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THE HISTORY

OF .

RASSELAS, PRINCE OF ABISSINIA.

CHAP. I.

DESCRIPTION OF A PALACE IN A VALLEY.

Ye, who listen, with credulity, to the whispers of fancy, and pursue, with eagerness, the phantoms of hope; who expect, that age will perform the promises of youth, and that the deficiencies of the present day will be supplied by the morrow; attend to the history of Rasselas, prince of Abissinia.

Rasselas was the fourth son of the mighty emperour, in whose dominions the father of waters begins his course; whose bounty pours down the streams of plenty, and scatters over half the world the harvests of Egypt.

According to the custom, which has descended, from age to age, among the monarchs of the torrid zone, Rasselas was confined in a private palace, with the other sons and daughters of Abissinian royalty, till the order of succession should call him to the throne.

The place, which the wisdom, or policy, of antiquity had destined for the residence of the Abissinan princes, was a spacious valley in the kingdom of Amhara, surrounded, on every side, by mountains, of which the summits overhang the middle part. The only passage, by which it could be entered, was a cavern that passed under a rock, of which it has been long disputed, whether it was the work of nature, or of human indnstry. The outlet of the cavern was concealed by a thick wood, and the mouth, which opened into the valley, was closed with gates of iron, forged by the artificers of ancient days, so massy, that no man could, without the help of engines, open or shut them.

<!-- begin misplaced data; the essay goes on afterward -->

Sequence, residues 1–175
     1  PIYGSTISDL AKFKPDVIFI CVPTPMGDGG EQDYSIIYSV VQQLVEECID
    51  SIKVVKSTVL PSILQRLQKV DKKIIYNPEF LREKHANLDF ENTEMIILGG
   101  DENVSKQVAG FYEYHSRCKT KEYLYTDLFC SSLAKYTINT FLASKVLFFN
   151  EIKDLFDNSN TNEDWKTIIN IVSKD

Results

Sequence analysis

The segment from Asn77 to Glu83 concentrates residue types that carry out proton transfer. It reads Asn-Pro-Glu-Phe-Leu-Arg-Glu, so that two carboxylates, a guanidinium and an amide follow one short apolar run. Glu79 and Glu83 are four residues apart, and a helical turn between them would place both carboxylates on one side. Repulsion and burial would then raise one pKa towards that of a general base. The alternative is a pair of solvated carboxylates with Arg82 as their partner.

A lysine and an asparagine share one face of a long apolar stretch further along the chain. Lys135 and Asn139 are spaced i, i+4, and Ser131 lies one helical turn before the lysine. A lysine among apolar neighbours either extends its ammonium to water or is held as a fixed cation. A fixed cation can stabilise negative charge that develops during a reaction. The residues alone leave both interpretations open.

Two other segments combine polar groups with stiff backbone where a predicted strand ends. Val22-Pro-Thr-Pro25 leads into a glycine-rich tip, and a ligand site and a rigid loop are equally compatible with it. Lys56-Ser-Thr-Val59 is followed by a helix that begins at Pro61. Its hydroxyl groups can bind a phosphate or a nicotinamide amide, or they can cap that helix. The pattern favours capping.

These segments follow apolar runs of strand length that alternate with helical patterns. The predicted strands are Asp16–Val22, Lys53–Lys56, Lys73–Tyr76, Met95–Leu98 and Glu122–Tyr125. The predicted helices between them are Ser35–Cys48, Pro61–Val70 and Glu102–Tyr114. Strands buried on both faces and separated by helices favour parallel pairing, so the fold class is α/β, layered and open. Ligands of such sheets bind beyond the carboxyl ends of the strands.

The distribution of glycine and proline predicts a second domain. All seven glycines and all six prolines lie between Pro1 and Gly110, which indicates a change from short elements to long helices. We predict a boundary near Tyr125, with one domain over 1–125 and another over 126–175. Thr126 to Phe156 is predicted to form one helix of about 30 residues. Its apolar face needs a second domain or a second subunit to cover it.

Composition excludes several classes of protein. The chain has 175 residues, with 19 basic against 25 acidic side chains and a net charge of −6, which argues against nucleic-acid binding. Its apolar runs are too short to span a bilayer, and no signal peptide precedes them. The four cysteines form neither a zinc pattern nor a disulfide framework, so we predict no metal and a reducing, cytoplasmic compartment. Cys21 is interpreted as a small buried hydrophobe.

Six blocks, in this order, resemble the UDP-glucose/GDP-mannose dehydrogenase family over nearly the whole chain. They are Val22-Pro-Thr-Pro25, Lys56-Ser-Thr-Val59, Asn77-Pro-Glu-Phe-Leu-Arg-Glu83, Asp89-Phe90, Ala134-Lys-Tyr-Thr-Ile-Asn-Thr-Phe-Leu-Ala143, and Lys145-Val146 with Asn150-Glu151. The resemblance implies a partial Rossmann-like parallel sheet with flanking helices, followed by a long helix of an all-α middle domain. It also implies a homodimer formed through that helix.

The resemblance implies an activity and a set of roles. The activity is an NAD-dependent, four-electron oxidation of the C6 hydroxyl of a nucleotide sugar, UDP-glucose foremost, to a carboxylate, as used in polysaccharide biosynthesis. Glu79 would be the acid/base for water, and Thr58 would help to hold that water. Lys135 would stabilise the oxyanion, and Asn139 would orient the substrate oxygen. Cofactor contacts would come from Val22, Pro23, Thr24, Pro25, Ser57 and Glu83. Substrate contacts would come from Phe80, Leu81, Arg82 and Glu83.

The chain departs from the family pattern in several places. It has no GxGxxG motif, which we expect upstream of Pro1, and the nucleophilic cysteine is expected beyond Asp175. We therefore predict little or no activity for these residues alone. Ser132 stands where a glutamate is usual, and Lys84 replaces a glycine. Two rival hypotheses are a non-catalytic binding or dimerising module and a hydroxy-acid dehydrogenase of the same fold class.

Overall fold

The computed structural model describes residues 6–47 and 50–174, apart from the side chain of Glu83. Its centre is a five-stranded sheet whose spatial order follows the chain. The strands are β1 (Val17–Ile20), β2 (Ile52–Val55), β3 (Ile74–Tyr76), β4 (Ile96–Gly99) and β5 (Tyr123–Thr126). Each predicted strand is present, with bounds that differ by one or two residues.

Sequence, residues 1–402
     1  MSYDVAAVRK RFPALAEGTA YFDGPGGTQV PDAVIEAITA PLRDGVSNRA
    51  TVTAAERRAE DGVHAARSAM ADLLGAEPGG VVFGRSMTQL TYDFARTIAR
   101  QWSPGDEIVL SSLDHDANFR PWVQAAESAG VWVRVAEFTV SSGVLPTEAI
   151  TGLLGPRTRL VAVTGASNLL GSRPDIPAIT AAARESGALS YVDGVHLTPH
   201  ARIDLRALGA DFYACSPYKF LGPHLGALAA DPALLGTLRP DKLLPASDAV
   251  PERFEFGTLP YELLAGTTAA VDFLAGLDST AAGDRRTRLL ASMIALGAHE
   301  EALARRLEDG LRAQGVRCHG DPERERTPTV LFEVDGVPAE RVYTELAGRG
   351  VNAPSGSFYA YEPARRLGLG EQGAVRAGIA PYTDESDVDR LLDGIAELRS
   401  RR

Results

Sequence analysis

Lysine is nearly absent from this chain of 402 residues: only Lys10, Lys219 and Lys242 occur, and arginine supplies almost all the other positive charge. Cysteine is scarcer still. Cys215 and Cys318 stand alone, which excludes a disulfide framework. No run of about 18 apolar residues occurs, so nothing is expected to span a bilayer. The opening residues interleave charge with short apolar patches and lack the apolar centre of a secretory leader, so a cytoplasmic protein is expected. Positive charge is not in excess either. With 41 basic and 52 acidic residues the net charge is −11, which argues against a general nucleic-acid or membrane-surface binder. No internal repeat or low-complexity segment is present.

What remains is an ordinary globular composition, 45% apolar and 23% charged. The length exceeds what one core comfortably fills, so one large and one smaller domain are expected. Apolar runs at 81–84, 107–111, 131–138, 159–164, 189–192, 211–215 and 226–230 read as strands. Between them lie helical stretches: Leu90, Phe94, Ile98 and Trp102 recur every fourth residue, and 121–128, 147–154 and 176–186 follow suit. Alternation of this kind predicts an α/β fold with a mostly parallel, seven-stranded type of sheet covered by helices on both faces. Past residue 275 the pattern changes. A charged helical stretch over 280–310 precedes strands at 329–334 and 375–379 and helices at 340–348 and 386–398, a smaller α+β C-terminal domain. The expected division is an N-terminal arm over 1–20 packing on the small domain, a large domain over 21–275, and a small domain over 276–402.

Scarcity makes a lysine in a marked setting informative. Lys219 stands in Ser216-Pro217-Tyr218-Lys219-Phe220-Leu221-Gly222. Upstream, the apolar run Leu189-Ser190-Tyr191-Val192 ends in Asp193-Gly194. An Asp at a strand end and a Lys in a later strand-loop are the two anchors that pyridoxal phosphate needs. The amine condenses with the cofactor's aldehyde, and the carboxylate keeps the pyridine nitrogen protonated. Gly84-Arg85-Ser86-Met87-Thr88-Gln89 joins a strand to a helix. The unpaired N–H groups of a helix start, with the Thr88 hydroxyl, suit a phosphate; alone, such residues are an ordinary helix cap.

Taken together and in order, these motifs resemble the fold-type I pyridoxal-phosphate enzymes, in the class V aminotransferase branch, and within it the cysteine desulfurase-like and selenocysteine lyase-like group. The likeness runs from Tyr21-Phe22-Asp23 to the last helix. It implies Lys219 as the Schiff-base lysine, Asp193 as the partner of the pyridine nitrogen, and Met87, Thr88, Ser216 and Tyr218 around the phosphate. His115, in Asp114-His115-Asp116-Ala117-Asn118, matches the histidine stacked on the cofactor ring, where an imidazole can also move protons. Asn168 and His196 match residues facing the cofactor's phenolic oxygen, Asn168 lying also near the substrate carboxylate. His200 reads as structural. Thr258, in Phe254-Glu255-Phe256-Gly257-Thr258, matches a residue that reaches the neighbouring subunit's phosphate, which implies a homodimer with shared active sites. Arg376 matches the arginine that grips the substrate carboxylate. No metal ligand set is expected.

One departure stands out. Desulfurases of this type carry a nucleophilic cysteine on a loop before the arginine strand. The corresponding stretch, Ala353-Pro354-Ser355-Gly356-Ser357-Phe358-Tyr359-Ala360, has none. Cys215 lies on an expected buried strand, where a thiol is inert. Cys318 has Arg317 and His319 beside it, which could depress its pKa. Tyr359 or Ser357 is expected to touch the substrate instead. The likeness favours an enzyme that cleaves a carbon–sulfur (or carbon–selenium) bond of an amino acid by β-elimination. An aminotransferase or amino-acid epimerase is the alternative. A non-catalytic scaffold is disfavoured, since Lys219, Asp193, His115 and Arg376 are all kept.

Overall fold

From the mountains, on every side, rivulets descended, that filled all the valley with verdure and fertility, and formed a lake in the middle, inhabited by fish of every species, and frequented by every fowl, whom nature has taught to dip the wing in water. This lake discharged its superfluities by a stream, which entered a dark cleft of the mountain, on the northern side, and fell, with dreadful noise, from precipice to precipice, till it was heard no more.

The sides of the mountains were covered with trees; the banks of the brooks were diversified with flowers; every blast shook spices from the rocks; and every month dropped fruits upon the ground. All animals that bite the grass, or browse the shrub, whether wild or tame, wandered in this extensive circuit, secured from beasts of prey, by the mountains which confined them. On one part, were flocks and herds feeding in the pastures ; on another, all the beasts of chase frisking in the lawns; the sprightly kid was bounding on the rocks, the subtle monkey frolicking in the trees, and the solemn elephant reposing in the shade. All the diversities of the world were brought together, the blessings of nature were collected, and its evils extracted and excluded.